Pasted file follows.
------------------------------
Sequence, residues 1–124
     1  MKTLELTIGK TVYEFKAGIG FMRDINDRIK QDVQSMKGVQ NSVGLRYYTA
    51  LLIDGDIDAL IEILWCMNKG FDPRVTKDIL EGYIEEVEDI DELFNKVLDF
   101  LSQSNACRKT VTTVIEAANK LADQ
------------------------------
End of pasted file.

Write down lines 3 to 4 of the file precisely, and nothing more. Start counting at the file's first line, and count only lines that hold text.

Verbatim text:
    51  LLIDGDIDAL IEILWCMNKG FDPRVTKDIL EGYIEEVEDI DELFNKVLDF
   101  LSQSNACRKT VTTVIEAANK LADQ